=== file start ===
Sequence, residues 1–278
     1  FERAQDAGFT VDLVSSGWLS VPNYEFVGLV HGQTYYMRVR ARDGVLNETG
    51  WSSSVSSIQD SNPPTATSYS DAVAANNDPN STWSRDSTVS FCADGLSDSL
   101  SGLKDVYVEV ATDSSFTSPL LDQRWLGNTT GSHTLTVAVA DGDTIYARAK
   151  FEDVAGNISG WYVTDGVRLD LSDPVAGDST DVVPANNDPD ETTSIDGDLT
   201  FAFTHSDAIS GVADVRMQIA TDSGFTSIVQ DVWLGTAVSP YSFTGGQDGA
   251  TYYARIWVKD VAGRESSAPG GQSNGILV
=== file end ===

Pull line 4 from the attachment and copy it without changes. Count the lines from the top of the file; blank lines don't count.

   101  SGLKDVYVEV ATDSSFTSPL LDQRWLGNTT GSHTLTVAVA DGDTIYARAK